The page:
We’re all eager to get back to some sense of normality once it is safe to do so without risking COVID 19 exposure. Yet it feels like we are living in a perpetual holding pattern. When talking with acquaintances who are working from home, some have expressed a sense of boredom as one day pours into the next. None of us could have prepared for what we are now experiencing!
In an April 19, 2020, Forbes article, senior contributor Chris Carosa suggested that having to shelter in place could be a wake-up call or preview for those who are eager to experience the freedom they seek in retirement. Some who are working from home or who are currently unable to work are not only getting a taste of living on a fixed income, but are also experiencing social isolation, a lack of structure, and, likely, boredom.
Boredom is Not Uncommon Among Retirees
We may tell ourselves that retirement will be different, but don’t count on it unless you have a plan to stay engaged in some meaningful ways. One study found that the typical retiree gets bored after just a year after leaving the workplace. Most of the retirees in this study said they spent their days reading, watching television, and hanging out at home. One in four said that “every day simply feels the same since retiring.” And one in ten study participants said: “They were struggling to find something to regularly pass the time after just five months.”
Another report stated that many retirees “grow bored and restless early on in retirement to the point where it impacts their mental health. In fact, retirees are 40% more likely than workers to suffer from clinical depression.”
NPR reported that it is important to create a sense of structure and meaning in our lives, or “a self-organizing life aim that stimulates goals.” If we fail to do so, we have a greater likelihood of dying from cardiovascular diseases than those who have found meaning and direction in retirement.
Beyond Boredom: A Reason for Being
In a September 2019 article for Psychology Today, Utpal Dholakia Ph.D. talked about the importance of finding meaning by comparing it to the Japanese concept of Ikigai or to “have a reason for being.” Dholakia spoke specifically about the value of working to give purpose or meaning to life. He also noted that working provides structure and opportunities to socialize.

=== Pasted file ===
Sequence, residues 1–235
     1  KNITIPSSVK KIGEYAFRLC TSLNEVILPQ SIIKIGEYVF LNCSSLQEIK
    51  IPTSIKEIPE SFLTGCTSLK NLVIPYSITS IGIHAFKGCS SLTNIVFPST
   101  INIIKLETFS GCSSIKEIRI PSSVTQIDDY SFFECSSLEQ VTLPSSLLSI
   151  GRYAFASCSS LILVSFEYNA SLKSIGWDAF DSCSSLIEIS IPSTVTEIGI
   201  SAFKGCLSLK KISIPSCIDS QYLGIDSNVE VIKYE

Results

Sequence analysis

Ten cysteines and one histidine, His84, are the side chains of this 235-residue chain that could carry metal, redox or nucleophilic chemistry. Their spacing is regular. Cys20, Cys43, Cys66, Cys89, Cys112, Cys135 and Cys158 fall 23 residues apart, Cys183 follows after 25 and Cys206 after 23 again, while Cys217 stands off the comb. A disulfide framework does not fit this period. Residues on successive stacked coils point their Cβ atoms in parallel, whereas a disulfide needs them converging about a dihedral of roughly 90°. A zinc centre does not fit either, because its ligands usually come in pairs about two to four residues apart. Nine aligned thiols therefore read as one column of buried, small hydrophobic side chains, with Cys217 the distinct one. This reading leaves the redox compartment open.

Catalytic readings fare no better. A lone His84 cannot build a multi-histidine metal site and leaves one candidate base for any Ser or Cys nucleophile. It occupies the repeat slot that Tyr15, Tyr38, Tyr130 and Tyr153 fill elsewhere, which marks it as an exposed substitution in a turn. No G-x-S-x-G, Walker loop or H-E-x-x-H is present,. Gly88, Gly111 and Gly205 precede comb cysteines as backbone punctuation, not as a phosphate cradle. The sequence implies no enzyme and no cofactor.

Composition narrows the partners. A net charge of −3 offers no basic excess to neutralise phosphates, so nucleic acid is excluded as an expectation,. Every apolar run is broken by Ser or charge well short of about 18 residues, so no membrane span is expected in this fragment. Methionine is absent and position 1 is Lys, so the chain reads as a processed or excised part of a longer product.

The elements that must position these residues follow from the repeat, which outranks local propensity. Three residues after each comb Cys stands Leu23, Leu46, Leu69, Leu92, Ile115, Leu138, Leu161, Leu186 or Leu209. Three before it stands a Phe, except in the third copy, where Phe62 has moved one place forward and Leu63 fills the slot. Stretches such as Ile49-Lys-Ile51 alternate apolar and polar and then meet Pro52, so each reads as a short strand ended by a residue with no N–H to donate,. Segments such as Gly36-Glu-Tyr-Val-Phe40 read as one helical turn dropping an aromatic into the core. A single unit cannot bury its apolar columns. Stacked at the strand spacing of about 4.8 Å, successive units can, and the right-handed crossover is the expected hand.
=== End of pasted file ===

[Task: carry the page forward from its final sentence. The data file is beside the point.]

Beyond any financial considerations, working, at least part-time, after reaching the desired retirement age can offer opportunities for meaningful engagement. Some research suggests that many newly “retired” workers chose to do work that is entirely different from what they were previously doing.
For those who can afford some degree of risk, starting a small business can be an attractive engagement option for some older adults. AARP reported in 2018 that 3 in 10 small businesses are started by individuals over fifty. A 2019 AARP article, citing a JPMorgan Chase study, reported that only 8.2% of businesses owned by people over 60 are likely to go out of business the first year compared to 11.1% of 30-year-old owners.
Aging in Place notes that approximately 25% of volunteers are older adults. Finding meaningful ways to volunteer can have social, mental, and physical health benefits.
A Personal Process
Finding something meaningful in retirement does not have to be anything formal. Meaning can come from spending regular time with grandchildren or tending a garden or continuing to learn something new. Meaning is really something we must determine for ourselves.
Some retirement experts suggest allowing some time after leaving the workplace before jumping in and trying to create something new for yourself. By allowing time, it is easier to rediscover the things that you might have set aside while working for someone else. Just a “heads up” though – retirement—in any form—is a huge transition and will likely involve a sense of uncertainty until you adjust.
Personally, I spent about three years before I left my teaching position reading everything I could about retirement. I also became a certified professional retirement coach, which gave me additional insight as to what the retirement process involves.
I discovered that I still wanted to be involved in research and education – but in a new way. I write, research, speak, and do workshops on positive aging and living our best lives at any age. I am doing the things I’ve always enjoyed doing – but I am doing them my own way.
I will confess that when I first entered my new chapter, I felt somewhat disoriented; however, I knew that feeling was normal and had anticipated it. As a result of planning and knowing what to expect, I have not been bored since ending my teaching career in 2018. Life’s good.
It takes some planning and some effort to discover what will give your life meaning. Now might be a perfect time to start exploring your next chapter.